Friday, April 26, 1901

It was quite cloudy when we arose. In looking around I noticed that Bro. Anderson had plenty of water and a fine place to wash our dirty clothes, so after talking with him for a while, I approached him on the subject. He said all right and in a few minutes we were in a hard way of rubbing them out. After getting them through we took a shave. I tacked my shoes some. At 11 a.m. our clothes were dry. I went out into the field where the brother was and thanked him for his kindness and then we took our departure. The first man we visited, Bro. Q. Emundson, was in the field and as it was dinner time, he took us to the house and two pretty gals entertained us while he was finishing his work. Had a nice dinner and a short talk. Pursuing our labor, we visited several more families. Stopped in the woods for a while where we had a nap. At 4 p.m. we crossed over Meridian Creek. The houses were far apart. Night came on and found us at Bro. Jensen’s where we were permitted to spend it. Nice supper. Talked until. 9:30 when we retired. Good bed as usual.

Saturday, April 27, 1901

It was awful cloudy when we arose. After breakfast we thanked the kind family who entertained and were soon on our way. It was some distance before we came to a house. At 11 a.m. we found ourselves at the post office in Clifton. There were two letters from home. Was glad to hear that all were well. We then went out on the banks of the Barque River under the shade of the beautiful trees where we answered our letters. Came back to the office at 2 and posted them. Went up to the barber shop where we had our hair cut for 25c. Did not have any dinner. Went out in the country where we began our work again. Sold 4 books. At night we came to a German’s where we were kindly taken in and given a nice supper. Had a good talk. Retired to bed at 9:30. Held prayers. I was mouth. Good bed.

Sunday, April 28, 1901

Still quite cloudy. After breakfast the folks were all going to the school house to preaching, so we put a shine on our shoes and went with them. Waited for about 2 hours before the preacher came. He was an old man, very shabbily dressed, represented the Methodist Church. He took for his text the 15th chapter of 1st Corinthians, dwelling upon the resurrection. He spoke by rote and of all the splattering I ever heard, he did it. I would have liked to have had his time. Came to Bro. Howard’s for dinner. At 3 p.m. we returned again to the school house to listen to a Baptist. He also spoke by rote. Had for his text the 5th chapter of John, 38th verse. Very poor preaching. Bro. Estein asked us to come back and spend the night with him. Good supper. I wrote home before going to bed.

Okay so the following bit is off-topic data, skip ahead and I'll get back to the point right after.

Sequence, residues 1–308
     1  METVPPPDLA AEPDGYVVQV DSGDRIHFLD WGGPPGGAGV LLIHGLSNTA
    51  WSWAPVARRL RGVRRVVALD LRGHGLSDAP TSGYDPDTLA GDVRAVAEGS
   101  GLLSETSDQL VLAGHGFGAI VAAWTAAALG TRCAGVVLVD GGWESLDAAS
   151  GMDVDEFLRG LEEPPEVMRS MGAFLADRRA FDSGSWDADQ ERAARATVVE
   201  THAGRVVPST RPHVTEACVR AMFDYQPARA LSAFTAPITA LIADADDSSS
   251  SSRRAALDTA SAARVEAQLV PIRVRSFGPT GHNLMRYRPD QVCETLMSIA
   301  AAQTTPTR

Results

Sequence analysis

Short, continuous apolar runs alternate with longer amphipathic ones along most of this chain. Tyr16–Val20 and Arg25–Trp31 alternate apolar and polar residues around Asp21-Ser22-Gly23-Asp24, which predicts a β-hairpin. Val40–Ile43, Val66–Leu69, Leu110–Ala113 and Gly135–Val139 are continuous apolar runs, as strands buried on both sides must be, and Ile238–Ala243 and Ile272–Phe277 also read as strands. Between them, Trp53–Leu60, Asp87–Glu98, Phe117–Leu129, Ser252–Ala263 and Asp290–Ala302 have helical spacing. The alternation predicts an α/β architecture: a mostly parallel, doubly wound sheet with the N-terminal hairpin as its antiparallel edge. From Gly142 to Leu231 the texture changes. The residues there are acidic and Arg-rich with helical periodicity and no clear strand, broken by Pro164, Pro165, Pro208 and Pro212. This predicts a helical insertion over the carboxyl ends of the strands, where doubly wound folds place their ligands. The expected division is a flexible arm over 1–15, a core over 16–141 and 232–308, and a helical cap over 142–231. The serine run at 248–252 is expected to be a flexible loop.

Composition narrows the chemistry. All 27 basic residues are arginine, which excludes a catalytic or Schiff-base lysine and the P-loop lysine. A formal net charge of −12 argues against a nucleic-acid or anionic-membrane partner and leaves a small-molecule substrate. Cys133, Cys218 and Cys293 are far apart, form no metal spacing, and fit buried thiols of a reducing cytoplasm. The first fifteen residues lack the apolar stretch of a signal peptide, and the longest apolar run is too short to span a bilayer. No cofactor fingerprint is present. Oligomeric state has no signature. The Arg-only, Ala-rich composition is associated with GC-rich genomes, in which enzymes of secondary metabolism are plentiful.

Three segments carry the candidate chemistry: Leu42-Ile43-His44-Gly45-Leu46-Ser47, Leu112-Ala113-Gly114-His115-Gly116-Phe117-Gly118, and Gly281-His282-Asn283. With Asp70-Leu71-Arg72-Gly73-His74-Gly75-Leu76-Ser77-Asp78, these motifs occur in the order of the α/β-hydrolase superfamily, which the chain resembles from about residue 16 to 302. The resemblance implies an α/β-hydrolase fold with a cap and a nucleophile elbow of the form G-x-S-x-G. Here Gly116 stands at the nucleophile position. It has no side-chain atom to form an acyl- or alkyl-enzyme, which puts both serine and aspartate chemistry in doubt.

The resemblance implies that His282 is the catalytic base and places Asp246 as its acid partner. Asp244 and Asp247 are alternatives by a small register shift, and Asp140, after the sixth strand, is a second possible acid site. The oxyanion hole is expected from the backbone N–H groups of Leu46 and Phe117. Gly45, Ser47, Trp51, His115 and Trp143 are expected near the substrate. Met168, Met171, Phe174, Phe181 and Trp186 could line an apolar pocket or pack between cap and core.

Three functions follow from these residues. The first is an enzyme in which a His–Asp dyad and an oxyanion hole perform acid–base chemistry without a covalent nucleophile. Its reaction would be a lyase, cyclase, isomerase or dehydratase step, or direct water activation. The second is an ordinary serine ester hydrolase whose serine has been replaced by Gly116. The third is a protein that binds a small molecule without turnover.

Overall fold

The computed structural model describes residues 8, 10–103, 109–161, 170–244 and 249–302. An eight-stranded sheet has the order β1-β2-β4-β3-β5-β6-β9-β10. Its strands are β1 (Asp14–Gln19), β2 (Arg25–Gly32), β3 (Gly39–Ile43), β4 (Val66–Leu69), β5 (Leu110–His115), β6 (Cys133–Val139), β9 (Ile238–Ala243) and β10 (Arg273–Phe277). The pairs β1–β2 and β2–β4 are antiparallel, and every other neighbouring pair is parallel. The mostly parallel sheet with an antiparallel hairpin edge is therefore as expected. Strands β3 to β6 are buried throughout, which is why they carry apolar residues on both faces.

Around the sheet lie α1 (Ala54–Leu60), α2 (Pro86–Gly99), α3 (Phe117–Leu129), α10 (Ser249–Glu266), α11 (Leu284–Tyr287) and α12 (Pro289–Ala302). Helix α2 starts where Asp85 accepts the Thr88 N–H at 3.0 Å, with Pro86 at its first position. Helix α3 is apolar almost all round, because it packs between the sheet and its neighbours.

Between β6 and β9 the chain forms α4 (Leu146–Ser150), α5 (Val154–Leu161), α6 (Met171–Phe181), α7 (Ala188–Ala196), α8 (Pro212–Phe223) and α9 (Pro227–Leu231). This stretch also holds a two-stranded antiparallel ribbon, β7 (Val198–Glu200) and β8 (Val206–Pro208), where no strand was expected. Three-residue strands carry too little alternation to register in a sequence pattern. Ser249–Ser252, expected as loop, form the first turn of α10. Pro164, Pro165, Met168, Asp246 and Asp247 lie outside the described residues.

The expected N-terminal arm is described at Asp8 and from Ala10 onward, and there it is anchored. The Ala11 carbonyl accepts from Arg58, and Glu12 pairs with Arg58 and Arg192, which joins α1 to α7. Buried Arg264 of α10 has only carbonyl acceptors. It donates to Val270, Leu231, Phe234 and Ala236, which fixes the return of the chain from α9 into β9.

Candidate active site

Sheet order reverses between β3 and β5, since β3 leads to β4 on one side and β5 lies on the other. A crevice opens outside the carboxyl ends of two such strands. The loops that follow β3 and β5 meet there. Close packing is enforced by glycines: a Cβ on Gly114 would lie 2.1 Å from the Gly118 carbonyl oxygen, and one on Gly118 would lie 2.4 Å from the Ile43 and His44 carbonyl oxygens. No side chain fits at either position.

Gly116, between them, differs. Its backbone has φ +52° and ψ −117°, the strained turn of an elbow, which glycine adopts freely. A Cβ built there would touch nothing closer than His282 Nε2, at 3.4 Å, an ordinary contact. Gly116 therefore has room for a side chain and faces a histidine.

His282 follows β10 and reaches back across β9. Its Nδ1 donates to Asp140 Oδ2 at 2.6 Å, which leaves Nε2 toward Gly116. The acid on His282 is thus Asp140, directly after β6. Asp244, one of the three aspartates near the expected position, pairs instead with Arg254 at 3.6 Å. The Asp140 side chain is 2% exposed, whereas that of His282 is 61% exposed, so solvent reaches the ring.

Monday, April 29, 1901

It was still cloudy when we arose and quite warm. After breakfast we were about to start out to Clifton after our mail. The kind brother said for us to leave our grips here and when we come back to have dinner with him before going on. We gladly accepted this offer. Our literature had come all okay and 10:30 found us back to Bro. Estein’s enjoying ourselves. Partook of a fine dinner. Talked until 1 p.m. when we bid him goodby. He invited us back at any time. Visited a number of families. Only sold 2 books. It was awful warm so every little while we would rest. At night the houses were some distance apart and it was some time before we could find a man at home, as they were all off fishing. Came to Bro. Carey who kindly asked us in and had his wife prepare a nice cold supper for us. His brother belonged to the Josephite Church. Talked for some time. Retired to rest. Good bed and rested good.

Tuesday, April 30, 1901

Our conversation had run off on religion, so by the time that we were ready to go, Bro. Carey informed us that he was confident that we could get the school house to preach in. We thanked him for his information. Went and saw the trustees and received their consent. Began norating a meeting for night. Visited all of the families in the community. At noon we ate dinner with Bro. Johnson. Came to Bro. Carey’s again while Elder Rogers put on half soles. Went to the school house. Had a shave. And at 8:30 p.m. began our meeting. Elder Rogers spoke for 30 minutes. I only talked for a short while as it was getting late. Appointed another meeting for tomorrow night. Invited home with Bro. Carey again. Good bed.

Wednesday, May 1, 1901

The weather was beautiful. We did not have any work to do. Bro. Carey was going to Meridian in the wagon. He asked us to go so we viewed the little place with him. First went to the depot and around by the post office. Stayed in town about an hour. Reached home again at 11 p.m. Dinner was soon ready. In the afternoon we walked up to his daughter’s place with him while he fixed her sewing machine. Spent the rest of the day reading. I did not eat any supper. Went to the school house. There was just a small crowd out. I took up all the time. Had a good time. Returned to Bro. Carey’s again. Had the same good bed. Rested fine.

Thursday, May 2, 1901